Risk assessment probably started in your head when you were first assigned the project: you began thinking about what it would take to be successful. Risk assessment is a natural human behavior. We look at situations and assess the probability of achieving our desired outcome—is it safe to cross the street, change lanes, or eat the food off the buffet? Mitigation and management follow: once the risk has been assessed, we take the necessary actions to
reduce the risk (wait for the light to change, allow an opening to occur before changing lanes ... ) and we monitor our progress for changes in the level or presence of risk as we take action.
Risk assessment occurs formally in the planning process of a project, as the project's scope and requirements are defined and plans created. Risks to achieving the functionality, level of performance or quality of the deliverable, as well as achieving project schedule or cost targets, need to be assessed and discussed across the team before a plan is agreed to. With everyone's involvement in risk identification, the team benefits from different perspectives and a greater pool of experience as to what might go wrong!
With the risks identified, at least those known at the start of the project, mitigation actions—steps to reduce or eliminate or manage the risks—can be planned. This also occurs during the planning phase, and those mitigation actions become part of the project plan and schedule—they require work and incur costs as well.
The goal is for the project plan and schedule to include all the known activities and tasks associated with producing the deliverables, including those to address risks which could block progress. Your plan should contain tasks for the risks you already know how to address, and the known risks for which the solution is presently unknown and must be worked out.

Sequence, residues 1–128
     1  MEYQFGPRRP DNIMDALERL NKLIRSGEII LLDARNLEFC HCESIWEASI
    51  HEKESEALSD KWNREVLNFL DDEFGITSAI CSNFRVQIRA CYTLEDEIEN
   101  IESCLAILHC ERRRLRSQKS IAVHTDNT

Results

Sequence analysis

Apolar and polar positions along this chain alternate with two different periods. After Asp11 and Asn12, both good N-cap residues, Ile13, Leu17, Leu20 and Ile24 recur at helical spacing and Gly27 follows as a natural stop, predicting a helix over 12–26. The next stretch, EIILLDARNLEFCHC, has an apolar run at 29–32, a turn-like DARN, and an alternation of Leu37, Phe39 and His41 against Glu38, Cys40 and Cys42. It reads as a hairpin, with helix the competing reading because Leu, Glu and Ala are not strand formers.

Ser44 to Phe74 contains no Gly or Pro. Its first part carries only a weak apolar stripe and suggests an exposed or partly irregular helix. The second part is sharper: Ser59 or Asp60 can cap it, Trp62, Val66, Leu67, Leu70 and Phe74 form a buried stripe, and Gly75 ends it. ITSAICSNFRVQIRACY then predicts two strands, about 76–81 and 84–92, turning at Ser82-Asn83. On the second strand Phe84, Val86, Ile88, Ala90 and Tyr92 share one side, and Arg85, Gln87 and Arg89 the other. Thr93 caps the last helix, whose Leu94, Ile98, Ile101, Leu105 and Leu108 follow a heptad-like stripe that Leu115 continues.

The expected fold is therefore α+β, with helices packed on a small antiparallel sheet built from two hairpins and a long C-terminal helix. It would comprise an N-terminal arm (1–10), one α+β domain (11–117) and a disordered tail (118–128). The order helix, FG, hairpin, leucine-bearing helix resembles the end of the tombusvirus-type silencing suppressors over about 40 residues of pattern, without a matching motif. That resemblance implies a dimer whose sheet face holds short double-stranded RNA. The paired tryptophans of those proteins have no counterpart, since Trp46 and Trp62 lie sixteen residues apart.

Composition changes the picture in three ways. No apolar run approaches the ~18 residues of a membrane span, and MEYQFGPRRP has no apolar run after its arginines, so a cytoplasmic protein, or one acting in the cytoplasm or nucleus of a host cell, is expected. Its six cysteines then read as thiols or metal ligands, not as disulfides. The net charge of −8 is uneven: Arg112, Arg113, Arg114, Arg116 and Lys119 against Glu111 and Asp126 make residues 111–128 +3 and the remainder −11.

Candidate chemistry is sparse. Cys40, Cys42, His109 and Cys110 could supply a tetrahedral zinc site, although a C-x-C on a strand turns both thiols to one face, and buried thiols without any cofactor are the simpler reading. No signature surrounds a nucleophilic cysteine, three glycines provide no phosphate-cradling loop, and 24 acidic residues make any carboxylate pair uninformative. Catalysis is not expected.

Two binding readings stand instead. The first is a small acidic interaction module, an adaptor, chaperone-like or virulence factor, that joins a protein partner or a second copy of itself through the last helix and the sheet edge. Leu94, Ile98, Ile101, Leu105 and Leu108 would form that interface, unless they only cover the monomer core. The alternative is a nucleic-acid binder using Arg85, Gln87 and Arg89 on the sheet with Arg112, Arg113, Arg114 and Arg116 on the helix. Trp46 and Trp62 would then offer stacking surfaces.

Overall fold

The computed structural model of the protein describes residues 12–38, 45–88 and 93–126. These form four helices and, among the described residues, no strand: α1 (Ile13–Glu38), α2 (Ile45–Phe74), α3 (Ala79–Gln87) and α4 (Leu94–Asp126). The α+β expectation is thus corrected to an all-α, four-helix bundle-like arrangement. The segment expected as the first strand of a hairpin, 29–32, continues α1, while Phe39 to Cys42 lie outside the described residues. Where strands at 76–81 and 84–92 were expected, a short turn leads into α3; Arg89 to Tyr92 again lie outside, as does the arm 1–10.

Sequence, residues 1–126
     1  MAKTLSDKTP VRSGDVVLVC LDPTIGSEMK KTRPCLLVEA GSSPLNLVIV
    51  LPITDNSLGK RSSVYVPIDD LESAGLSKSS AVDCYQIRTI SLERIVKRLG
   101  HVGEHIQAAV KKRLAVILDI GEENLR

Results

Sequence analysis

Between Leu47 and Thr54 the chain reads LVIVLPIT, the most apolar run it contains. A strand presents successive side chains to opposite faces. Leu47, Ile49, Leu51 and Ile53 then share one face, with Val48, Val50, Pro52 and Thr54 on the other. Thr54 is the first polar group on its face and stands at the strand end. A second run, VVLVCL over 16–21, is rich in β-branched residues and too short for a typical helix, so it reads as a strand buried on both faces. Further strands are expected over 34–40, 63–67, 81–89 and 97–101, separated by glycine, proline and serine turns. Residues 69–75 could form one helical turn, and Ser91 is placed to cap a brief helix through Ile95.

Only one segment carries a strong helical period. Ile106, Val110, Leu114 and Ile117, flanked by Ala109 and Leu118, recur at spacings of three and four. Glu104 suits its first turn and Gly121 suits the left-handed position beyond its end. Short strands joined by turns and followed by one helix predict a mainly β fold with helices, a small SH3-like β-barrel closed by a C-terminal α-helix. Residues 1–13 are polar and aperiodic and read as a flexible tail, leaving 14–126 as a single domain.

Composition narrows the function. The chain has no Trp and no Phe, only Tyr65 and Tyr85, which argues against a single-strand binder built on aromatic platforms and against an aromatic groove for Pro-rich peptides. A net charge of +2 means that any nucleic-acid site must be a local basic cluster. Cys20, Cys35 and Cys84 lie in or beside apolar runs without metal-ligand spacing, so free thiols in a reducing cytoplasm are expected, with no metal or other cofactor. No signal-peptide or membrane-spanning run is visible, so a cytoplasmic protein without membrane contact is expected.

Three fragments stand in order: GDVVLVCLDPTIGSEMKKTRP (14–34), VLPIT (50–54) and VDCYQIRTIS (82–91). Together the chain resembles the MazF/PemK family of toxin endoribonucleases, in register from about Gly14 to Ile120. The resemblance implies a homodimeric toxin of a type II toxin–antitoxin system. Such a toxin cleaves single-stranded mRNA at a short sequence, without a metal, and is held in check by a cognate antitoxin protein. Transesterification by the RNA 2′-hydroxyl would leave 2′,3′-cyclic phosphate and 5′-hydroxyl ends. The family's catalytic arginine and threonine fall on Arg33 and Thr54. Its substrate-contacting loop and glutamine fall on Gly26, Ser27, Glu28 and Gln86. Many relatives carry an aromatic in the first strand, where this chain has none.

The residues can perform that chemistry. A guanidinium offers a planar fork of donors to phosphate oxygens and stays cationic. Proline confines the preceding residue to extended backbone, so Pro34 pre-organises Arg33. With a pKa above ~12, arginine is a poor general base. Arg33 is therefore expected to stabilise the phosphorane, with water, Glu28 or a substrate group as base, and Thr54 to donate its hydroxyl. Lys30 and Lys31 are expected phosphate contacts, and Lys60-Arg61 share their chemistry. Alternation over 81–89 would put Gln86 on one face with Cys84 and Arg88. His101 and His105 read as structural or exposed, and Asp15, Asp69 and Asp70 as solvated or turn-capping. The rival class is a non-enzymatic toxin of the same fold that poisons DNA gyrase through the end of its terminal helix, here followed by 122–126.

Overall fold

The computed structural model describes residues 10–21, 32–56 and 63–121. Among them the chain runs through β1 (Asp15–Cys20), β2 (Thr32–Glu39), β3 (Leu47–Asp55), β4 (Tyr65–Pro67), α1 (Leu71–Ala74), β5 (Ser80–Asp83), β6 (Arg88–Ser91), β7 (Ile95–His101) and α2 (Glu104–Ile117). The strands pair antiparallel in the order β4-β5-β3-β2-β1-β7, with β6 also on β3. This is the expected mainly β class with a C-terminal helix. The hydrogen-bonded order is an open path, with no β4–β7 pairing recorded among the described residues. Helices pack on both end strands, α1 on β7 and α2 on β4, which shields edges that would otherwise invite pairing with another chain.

Be aware that there might be unknown risks as well, which of course will take time to deal with if they occur during execution. Risk management then becomes part of ongoing project execution. The project manager monitors the team's progress at handling known risks, and also looks out for previously unknown risks that need to be mitigated. Although the timing of the first pass at risk assessment by the project manager occurs at the start of the project in the planning phase, risk assessment, mitigation, and management are a constant process throughout the course of the project.
Our Product and Project Risk Assessment and Mitigation Tables includes tools for assessing risks, identifying mitigation steps, and using that information to monitor risks. Our planning guideline Planning and Scheduling: Make Trade-offs and Optimize, which includes a discussion of how to build risk mitigation work into a project's schedule.
NOTE: Although the project manager is not typically assigned yet, risk assessment also should occur at a high level before a project is even initiated, to help test a new project idea's feasibility and likelihood of success. Risks posed to a potential project by culture issues, resource availability, regulatory impacts, technical or other complexity, and so on, can be looked at early as a decision factor on starting a project. See our Project Risk/Opportunity Assessment Models for detailed assessment worksheets. These worksheets can also be used during the team's planning stage risk assessment.